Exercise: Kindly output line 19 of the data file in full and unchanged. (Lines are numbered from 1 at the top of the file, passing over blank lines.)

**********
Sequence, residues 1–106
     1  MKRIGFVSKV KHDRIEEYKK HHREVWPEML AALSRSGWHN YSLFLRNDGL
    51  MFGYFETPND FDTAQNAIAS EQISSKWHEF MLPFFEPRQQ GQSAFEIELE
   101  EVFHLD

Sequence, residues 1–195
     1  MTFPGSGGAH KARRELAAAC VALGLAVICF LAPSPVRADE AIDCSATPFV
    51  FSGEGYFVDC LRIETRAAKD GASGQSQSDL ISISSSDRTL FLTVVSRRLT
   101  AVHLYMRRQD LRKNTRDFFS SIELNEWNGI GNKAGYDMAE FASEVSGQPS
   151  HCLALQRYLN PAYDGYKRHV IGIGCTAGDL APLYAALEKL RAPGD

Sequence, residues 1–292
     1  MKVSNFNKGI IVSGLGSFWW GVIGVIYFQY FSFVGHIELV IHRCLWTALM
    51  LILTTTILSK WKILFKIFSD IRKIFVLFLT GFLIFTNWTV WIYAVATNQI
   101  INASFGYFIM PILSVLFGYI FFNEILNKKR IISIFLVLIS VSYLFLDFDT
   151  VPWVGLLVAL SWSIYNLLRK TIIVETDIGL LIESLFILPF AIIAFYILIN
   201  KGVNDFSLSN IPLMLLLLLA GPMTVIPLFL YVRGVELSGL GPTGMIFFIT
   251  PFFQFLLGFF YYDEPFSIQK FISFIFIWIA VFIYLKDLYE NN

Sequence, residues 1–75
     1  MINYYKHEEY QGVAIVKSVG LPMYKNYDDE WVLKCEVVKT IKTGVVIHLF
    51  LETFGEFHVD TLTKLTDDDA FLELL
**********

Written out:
    51  LETFGEFHVD TLTKLTDDDA FLELL